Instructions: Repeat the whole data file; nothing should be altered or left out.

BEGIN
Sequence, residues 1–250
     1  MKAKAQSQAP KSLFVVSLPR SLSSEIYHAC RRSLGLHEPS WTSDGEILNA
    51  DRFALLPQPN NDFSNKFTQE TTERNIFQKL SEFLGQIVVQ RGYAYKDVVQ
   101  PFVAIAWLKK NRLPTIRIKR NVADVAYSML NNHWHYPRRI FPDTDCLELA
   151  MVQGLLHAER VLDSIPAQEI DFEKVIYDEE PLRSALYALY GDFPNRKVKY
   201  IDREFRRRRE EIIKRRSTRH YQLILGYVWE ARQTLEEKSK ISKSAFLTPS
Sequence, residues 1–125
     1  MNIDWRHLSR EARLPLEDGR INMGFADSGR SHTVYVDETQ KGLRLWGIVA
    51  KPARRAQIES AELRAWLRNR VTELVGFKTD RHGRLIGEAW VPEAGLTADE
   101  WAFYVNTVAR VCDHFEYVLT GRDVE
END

Sequence, residues 1–250
     1  MKAKAQSQAP KSLFVVSLPR SLSSEIYHAC RRSLGLHEPS WTSDGEILNA
    51  DRFALLPQPN NDFSNKFTQE TTERNIFQKL SEFLGQIVVQ RGYAYKDVVQ
   101  PFVAIAWLKK NRLPTIRIKR NVADVAYSML NNHWHYPRRI FPDTDCLELA
   151  MVQGLLHAER VLDSIPAQEI DFEKVIYDEE PLRSALYALY GDFPNRKVKY
   201  IDREFRRRRE EIIKRRSTRH YQLILGYVWE ARQTLEEKSK ISKSAFLTPS
Sequence, residues 1–125
     1  MNIDWRHLSR EARLPLEDGR INMGFADSGR SHTVYVDETQ KGLRLWGIVA
    51  KPARRAQIES AELRAWLRNR VTELVGFKTD RHGRLIGEAW VPEAGLTADE
   101  WAFYVNTVAR VCDHFEYVLT GRDVE